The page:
Jay Tee Games Alliance. Only For Everyone.

Est. April 2016. III Version 2.0. III





Where’s ma bro at?


The undeniable magic of gaming together, either in a co-operative or competitive environment, represents a core aspect of this delightful past time. Maybe you’ve gathered life long friends for a nostalgic blast of Mario Kart 64, or hurled playful obscenities at each other as you desperately fought the horde in Left 4 Dead. Whatever your chosen flavour, multiplayer gaming is a massive part of this hobby for a lot of people. Unfortunately, for every great co-op experience like Halo or Fortnite, you get miserable efforts like Resident Evil 6 or Conflict: Denied Ops, and licensed missteps with Star Trek and Aliens: Colonial Marines. Sometimes it can be something simple, like an unintelligible or non-existent party system, or weird restrictions on how you play. More often than not, it’s these obvious (and easily fixable) problems that can make or break a co-op experience.

We discuss this further in our brand new YouTube series ‘Counterpoint’. Each episode of this editorial type show will focus on a single topic, with opinions and anecdotes about the chosen subject. This is just a first step for us, as we expand our video production slate and ramp up our content. Any and all feedback is welcome! And if you prefer to read our thoughts in the more traditional way, scroll down the page underneath the video for a full transcript of this first episode.



For me, gaming is a socially driven activity. From my earliest days playing Mario Kart and Star Trek on the SNES, to recent adventures in Sea of Thieves, and A Way Out, playing together with real world friends is the defining thing that makes this hobby so much fun. My experience with co-op and multiplayer gaming has taken many forms. Running an Ethernet cable between two original Xbox's for 8 player Halo deathmatch… breaking out some colourful plastic instruments and jamming some Guitar Hero… to the joys of introducing Double Dash and other retro gaming experiences to my kids.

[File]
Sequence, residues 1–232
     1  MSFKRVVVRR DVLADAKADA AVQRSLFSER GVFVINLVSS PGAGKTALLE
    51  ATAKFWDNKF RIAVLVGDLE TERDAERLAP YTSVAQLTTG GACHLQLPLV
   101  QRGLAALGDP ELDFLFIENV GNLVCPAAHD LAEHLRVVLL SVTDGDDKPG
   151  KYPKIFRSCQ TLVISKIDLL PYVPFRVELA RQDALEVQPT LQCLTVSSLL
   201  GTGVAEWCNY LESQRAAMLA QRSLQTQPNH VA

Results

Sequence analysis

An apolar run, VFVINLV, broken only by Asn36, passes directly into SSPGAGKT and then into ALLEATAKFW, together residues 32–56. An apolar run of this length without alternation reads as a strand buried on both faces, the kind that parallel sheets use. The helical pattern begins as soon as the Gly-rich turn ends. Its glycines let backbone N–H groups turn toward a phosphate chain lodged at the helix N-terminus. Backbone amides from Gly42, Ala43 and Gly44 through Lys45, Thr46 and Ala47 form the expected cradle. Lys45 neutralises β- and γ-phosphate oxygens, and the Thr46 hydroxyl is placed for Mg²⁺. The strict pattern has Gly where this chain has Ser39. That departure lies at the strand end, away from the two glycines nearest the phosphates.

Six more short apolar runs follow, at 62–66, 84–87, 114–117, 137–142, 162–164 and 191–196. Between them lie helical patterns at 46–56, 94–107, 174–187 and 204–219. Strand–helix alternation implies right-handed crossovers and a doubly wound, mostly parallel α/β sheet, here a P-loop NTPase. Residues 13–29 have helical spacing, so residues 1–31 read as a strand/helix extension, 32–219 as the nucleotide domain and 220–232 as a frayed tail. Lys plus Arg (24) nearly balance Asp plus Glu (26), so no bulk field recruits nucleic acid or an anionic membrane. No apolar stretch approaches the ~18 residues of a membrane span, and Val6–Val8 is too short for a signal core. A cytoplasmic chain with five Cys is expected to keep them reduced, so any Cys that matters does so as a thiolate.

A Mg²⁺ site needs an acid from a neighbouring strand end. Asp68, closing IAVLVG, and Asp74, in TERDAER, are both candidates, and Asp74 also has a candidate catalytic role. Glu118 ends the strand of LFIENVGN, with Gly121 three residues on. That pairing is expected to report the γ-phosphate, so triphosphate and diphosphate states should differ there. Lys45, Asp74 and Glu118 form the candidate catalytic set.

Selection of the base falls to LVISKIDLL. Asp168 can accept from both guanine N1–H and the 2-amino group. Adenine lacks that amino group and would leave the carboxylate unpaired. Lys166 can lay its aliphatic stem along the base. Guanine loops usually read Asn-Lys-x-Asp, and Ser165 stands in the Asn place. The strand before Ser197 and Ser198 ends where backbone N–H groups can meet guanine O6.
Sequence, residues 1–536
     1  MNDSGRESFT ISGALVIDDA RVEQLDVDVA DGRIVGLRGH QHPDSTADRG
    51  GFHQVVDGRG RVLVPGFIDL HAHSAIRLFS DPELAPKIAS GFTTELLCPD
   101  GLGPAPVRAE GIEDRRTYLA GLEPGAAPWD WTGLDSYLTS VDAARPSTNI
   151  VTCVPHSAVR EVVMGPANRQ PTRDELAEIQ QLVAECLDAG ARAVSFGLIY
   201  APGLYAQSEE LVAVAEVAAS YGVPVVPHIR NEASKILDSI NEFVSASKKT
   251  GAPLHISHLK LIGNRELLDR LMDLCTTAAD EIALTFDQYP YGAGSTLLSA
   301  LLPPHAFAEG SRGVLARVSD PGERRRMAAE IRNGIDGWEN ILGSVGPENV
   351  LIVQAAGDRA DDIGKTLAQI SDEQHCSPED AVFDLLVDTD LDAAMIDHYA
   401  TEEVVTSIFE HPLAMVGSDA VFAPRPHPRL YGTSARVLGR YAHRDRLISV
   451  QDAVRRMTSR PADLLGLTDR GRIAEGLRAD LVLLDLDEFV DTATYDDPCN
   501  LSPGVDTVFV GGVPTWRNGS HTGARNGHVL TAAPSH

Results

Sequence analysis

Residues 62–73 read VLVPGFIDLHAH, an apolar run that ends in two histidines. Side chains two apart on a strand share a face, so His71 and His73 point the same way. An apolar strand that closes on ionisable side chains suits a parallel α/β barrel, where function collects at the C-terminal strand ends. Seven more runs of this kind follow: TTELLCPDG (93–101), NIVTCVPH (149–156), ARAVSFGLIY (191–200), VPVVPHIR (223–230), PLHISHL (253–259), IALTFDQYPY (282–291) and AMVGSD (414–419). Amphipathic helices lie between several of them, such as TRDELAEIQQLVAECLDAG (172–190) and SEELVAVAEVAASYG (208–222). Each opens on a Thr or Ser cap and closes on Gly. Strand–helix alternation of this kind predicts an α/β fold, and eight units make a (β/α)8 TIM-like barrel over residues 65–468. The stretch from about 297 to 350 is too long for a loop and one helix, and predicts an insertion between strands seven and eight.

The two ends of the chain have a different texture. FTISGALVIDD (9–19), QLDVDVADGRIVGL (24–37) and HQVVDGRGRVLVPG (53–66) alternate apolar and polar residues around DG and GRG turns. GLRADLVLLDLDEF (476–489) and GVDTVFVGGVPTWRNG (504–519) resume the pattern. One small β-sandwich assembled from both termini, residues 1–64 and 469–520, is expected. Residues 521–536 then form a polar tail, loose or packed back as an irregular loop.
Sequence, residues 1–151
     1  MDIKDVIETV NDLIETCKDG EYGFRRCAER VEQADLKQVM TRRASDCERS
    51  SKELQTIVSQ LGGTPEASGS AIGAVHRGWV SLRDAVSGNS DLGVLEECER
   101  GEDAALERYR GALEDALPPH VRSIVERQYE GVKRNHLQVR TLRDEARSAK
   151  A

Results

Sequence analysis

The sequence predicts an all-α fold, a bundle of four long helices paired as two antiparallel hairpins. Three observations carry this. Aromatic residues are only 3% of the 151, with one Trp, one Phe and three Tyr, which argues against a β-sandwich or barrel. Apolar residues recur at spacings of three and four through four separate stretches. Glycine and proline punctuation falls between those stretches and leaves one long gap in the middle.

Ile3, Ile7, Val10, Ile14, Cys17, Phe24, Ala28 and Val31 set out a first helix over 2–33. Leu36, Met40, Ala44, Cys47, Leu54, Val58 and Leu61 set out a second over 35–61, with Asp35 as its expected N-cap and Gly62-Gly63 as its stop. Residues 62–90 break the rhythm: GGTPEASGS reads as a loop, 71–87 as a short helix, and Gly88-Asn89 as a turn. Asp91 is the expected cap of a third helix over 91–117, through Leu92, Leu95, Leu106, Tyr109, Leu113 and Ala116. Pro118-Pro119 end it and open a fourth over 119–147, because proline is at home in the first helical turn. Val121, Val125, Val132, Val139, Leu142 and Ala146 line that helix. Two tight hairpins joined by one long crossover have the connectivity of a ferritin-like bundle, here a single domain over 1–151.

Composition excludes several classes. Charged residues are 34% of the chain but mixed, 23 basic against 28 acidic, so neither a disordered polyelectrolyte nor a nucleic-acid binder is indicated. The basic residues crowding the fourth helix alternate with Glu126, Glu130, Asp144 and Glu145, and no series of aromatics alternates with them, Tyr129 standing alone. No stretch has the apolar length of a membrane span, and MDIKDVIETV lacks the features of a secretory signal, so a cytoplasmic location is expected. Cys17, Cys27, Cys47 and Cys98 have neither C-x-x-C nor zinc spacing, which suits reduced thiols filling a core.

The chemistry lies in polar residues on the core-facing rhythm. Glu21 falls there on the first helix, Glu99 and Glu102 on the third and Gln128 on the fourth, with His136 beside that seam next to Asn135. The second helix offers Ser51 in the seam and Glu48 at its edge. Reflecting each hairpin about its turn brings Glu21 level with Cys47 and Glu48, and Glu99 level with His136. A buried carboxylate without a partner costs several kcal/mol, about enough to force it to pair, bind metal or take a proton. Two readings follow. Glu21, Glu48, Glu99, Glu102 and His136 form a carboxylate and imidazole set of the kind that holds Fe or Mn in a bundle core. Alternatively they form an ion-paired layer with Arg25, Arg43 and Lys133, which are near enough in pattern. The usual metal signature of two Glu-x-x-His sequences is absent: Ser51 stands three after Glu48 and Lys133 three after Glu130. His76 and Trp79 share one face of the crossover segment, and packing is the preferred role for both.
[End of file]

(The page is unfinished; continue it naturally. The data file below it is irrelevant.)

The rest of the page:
Side note: Long live the Gamecube. The greatest console of all time. We'll save that discussion for a future episode…

Despite co-op gaming being my favourite part of this ever expanding medium, it can so often be done terribly, woefully wrong. Just look at Splatoon 2. A Nintendo exclusive from the company that blew my mind back in the day with 4 player split screen Goldeneye. And yet, fast forward to today, and Splatoon 2 is one of the most unintuitive and frustrating co-op experiences available. Attempt to enter matchmaking online with a friend and you're met with a litany of obstacles. Maybe the game fills up too quickly, leaving your pal staring at a spectator feed. Maybe you make it into the same lobby, only to be placed on different teams. It's unbelievably shoddy design. To top it off, you have to unlock the privilege of playing League Battles, which do allow you to jump in with a friend… but doing so takes hours of solo play. This could, and should, have been so much better.

Halo 2 got it right. The party system Bungie created is arguably to this day still the gold standard. You group up first, enter matchmaking together, and crucially, stay together no matter what. It took DICE six months to get their squad system right after Battlefield 4 launched. And their servers had more rubber banding than a W H Smiths.

Teaming up with friends for competitive multiplayer is just one part of the equation. The best campaign co-op experiences are the ones that allow you both to be a part of the story. Dead Space 3 absolutely nailed this. Forget the EA mandated micro transactions and tepid critical response. Experiencing that story with a friend, and playing characters that aren't just carbon copies of one another, was fantastic fun. A Way Out is another great example of this. A co-op only adventure that is built from the ground up to be played together.

But every now and then, you get games that so nearly get it right, and others that wildly miss the mark. Far Cry 5 is a fascinatingly chaotic sandbox that you can share with a friend… but mission progress for your co-op buddy isn't retained. Combining abilities in Xbox 360 launch title Kameo was great fun… except you had to play through each mission solo first before unlocking co-op. Side note: Spiderwick Chronicles also had this restriction. Unforgivable. These unnecessary roadblocks can so easily sour the fun.

Fortunately, stuff like Sea of Thieves, Dying Light, Rocket League, and Fortnite comes along to remind us all that playing together can be a stress free experience. And if we could get Sony to revise its stance on cross network play, the landscape of co-op gaming would be a much better place.

A quick shoutout to Jonny, who kept me hanging on this hook for longer than either of us had planned.

Fun fact: I managed to record the entire thing in two takes. I almost did it in one go, but I somehow said ‘W H Smiths’ wrong, and had to stop and try again.